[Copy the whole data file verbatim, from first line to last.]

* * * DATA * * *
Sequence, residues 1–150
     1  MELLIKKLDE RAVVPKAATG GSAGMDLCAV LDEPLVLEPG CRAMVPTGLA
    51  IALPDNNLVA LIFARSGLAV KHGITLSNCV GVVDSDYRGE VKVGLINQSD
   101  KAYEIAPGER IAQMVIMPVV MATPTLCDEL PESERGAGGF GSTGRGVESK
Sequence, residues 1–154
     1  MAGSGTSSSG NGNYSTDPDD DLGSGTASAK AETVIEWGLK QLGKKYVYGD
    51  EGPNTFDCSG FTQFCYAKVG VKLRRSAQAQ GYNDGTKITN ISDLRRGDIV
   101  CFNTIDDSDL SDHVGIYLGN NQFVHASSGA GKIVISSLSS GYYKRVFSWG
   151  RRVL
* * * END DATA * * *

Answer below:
Sequence, residues 1–150
     1  MELLIKKLDE RAVVPKAATG GSAGMDLCAV LDEPLVLEPG CRAMVPTGLA
    51  IALPDNNLVA LIFARSGLAV KHGITLSNCV GVVDSDYRGE VKVGLINQSD
   101  KAYEIAPGER IAQMVIMPVV MATPTLCDEL PESERGAGGF GSTGRGVESK
Sequence, residues 1–154
     1  MAGSGTSSSG NGNYSTDPDD DLGSGTASAK AETVIEWGLK QLGKKYVYGD
    51  EGPNTFDCSG FTQFCYAKVG VKLRRSAQAQ GYNDGTKITN ISDLRRGDIV
   101  CFNTIDDSDL SDHVGIYLGN NQFVHASSGA GKIVISSLSS GYYKRVFSWG
   151  RRVL